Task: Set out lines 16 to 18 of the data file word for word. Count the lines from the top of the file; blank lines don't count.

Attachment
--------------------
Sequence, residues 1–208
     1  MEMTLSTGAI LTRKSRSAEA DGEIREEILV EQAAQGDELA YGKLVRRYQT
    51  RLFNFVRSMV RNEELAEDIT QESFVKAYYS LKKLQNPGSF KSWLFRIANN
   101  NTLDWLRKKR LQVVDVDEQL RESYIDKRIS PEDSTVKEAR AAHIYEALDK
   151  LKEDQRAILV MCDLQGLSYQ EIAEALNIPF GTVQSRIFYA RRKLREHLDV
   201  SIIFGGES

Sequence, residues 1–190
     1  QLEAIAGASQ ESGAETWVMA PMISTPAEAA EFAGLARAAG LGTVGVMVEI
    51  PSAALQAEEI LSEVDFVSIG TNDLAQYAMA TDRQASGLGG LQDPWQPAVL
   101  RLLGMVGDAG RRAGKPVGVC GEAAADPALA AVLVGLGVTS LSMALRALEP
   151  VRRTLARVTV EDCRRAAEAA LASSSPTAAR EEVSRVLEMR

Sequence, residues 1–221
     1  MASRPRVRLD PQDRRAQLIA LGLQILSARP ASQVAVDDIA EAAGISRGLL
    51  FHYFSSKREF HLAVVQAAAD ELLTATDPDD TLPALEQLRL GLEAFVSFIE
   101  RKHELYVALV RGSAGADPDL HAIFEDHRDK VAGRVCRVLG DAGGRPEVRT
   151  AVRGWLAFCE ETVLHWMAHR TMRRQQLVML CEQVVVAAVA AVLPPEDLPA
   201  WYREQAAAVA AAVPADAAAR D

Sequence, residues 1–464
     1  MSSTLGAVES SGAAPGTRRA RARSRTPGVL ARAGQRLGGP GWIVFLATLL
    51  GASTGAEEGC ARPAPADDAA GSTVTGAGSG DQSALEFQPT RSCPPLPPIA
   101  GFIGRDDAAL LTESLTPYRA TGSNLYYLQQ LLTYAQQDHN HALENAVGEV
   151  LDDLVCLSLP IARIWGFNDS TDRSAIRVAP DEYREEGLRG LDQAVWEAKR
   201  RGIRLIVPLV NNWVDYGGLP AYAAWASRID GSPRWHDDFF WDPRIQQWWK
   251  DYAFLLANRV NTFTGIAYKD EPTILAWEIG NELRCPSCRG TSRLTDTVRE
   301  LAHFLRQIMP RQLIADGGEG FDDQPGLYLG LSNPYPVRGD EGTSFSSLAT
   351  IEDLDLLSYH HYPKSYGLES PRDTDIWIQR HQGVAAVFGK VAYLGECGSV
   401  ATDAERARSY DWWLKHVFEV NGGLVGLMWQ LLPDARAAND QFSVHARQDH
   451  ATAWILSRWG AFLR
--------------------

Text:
   151  AVRGWLAFCE ETVLHWMAHR TMRRQQLVML CEQVVVAAVA AVLPPEDLPA
   201  WYREQAAAVA AAVPADAAAR D

Sequence, residues 1–464